Posted by Gina Perkins, Pre-School Mommie | Posted in Gina Perkins, The Preschool Mommy | Posted on 07-02-2012
Tags: Gina Perkins, influence, influencers, mentors, preschool, Preschool Mommie, teacher, teachers
(Disclaimer: this is kind of a rant, completely lacking funny).
I saw a horrific story on the news last week. So horrific, in fact, that I can’t even bring these swollen fingers (at 32 weeks pregnant, what’s not swollen?) to type the details. Let’s just say, a Third Grade teacher in Los Angeles was arrested for having his students pose for some unthinkable photos. As if that wasn’t disgusting enough, allegedly, the photos were turned over to authorities by the photo developing lab, and the administration at this school was notified – but no parents were ever notified. This happened a year ago. A YEAR AGO? This has been kept under wraps for a year? Obviously, the parents at this school are demanding an explanation. How on earth could news this devastating, regarding their children, surface one year ago without any notice to them? Ugh, the pit in my stomach keeps growing.
I have jokingly mentioned home schooling to my husband a handful of times since giving birth to DJ. Most of those mentions have happened within the past six months. Now that DJ is in nursery school (albeit, a co-op, so I’m always there with her), I am much more sensitive to stories about teachers molesting (yes, molesting – I am tired of the candy-coated term “lewd acts”) their students, etc. I have said, on more than one occasion, that I will be that mom who serves as room-mom, yard-duty, teacher’s aid, chaperone, driver, etc. every single chance that I get. My daughters will hate me for smothering them – but at least I’ll know they’re safe. And contrary to how it might sound, I actually don’t plan on being overprotective – I plan on being involved.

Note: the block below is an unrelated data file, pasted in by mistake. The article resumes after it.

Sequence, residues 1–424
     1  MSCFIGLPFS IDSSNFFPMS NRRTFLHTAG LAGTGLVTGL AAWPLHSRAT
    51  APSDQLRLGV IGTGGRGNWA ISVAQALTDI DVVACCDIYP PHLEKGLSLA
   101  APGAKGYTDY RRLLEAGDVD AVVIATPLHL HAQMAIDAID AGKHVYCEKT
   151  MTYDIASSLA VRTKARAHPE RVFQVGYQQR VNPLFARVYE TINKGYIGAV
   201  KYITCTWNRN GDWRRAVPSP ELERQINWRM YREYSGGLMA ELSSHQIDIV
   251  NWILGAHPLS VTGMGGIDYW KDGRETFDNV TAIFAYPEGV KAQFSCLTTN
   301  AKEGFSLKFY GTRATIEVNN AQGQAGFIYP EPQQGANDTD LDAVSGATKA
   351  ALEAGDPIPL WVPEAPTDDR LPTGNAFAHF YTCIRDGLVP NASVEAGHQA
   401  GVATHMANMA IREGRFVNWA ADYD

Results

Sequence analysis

Now, even though I threaten home-schooling during my episodes of distrust and lack of confidence in human decency, it’s only a threat. I know that I’m not at all cut out to be a home-schooler. While I have great respect for those who are, it makes me appreciate the good teachers all the more. And there are good teachers. There are still teachers out there who are changing children’s lives for the better. There are still educators and influencers out there who impact our kids’ confidence, development, and intellect – and when we find them, we must abundantly express our gratitude for their investment in the lives of our precious children. They are our greatest partners in parenting.